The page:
Tuesday, August 17, 2010

What the Ground Zero Mosque Debate Really is About

I support the building of the “Ground Zero Mosque”. Opposing the building of the mosque damages relations with Muslims around the world. Plus, I don't believe in such a thing as “hallowed ground” (a theological conviction, not a political one). But even if I did, opponents have not put forth a reasonable explanation for why two blocks from Ground Zero is hallowed, but four blocks (the proposed relocation site) is not. Where is the dividing line between hallowed and non-hallowed, and why is it there?

Having said that, most of those who agree with me and support the building of the mosque have failed to understand the position of those who disagree with us. In public debates, supporters have consistently argued that the Imam who wishes to build the mosque has a right to do so because in the US we have rights to freedom of religion and private property. As long as they follow local ordinances and zoning laws, owners are free to build whatever they wish.

This argument, however, misses the point of the opponents. Opponents of the mosque are not arguing that Muslims have no right, or that it should be unlawful, to build a mosque. Rather, opponents argue it would be unwise to build the mosque. They want to convince the builders, through persuasion not legal action, to build somewhere else.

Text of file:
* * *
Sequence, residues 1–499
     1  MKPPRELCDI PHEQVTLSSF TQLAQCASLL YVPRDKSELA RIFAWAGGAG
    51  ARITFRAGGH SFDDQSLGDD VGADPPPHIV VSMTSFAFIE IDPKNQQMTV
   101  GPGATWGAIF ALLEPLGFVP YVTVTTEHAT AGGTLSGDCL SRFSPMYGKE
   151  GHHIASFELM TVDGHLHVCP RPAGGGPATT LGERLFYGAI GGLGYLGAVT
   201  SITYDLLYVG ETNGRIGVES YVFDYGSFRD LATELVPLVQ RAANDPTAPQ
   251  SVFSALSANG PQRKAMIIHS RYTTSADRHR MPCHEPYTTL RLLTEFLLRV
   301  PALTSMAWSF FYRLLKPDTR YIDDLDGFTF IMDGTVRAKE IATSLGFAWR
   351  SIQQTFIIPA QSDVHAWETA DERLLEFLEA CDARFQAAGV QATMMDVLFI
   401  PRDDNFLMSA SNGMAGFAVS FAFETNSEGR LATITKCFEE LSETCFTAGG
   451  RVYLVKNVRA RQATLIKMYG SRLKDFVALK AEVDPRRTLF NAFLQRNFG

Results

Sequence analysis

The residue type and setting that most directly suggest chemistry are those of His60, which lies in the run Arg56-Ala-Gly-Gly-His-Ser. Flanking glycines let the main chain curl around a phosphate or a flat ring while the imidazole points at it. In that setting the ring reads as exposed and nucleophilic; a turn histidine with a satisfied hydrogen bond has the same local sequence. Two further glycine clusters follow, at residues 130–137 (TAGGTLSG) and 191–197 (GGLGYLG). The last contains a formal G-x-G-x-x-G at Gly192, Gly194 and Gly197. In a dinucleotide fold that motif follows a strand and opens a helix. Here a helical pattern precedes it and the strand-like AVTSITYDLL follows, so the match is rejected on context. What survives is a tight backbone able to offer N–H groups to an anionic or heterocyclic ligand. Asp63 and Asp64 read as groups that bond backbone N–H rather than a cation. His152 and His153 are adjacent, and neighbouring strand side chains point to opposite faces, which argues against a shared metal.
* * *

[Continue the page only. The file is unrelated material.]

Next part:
If we want to convince someone of an argument, we must first understand our opponents side. If we don't, we will simply be talking past them, and our arguments will go nowhere.

I accept the fact that there are others who disagree with me on the idea of a hallowed ground. I welcome those views in the public square and would like to see those on my side do a better job of listening to those who disagree with us. In public debates listening can be just as important as talking if we are to come to reasonable understandings and compromises with each other.

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